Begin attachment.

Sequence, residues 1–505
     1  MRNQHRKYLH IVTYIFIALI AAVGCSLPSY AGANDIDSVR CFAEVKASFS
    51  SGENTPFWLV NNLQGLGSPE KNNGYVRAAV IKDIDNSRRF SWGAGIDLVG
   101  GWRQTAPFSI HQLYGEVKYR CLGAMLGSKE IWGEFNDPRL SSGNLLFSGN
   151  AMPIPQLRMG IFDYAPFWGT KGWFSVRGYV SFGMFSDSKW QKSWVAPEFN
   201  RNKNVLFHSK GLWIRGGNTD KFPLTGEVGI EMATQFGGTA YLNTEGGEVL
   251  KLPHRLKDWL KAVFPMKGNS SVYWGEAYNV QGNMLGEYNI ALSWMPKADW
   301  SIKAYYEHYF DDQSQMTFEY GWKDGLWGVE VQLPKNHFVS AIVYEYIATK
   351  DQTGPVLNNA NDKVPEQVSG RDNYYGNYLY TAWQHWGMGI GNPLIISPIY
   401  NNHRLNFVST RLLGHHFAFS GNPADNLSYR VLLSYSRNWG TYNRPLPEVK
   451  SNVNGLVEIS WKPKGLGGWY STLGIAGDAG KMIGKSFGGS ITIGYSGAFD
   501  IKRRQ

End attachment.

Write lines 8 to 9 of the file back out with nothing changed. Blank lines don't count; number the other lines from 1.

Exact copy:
   301  SIKAYYEHYF DDQSQMTFEY GWKDGLWGVE VQLPKNHFVS AIVYEYIATK
   351  DQTGPVLNNA NDKVPEQVSG RDNYYGNYLY TAWQHWGMGI GNPLIISPIY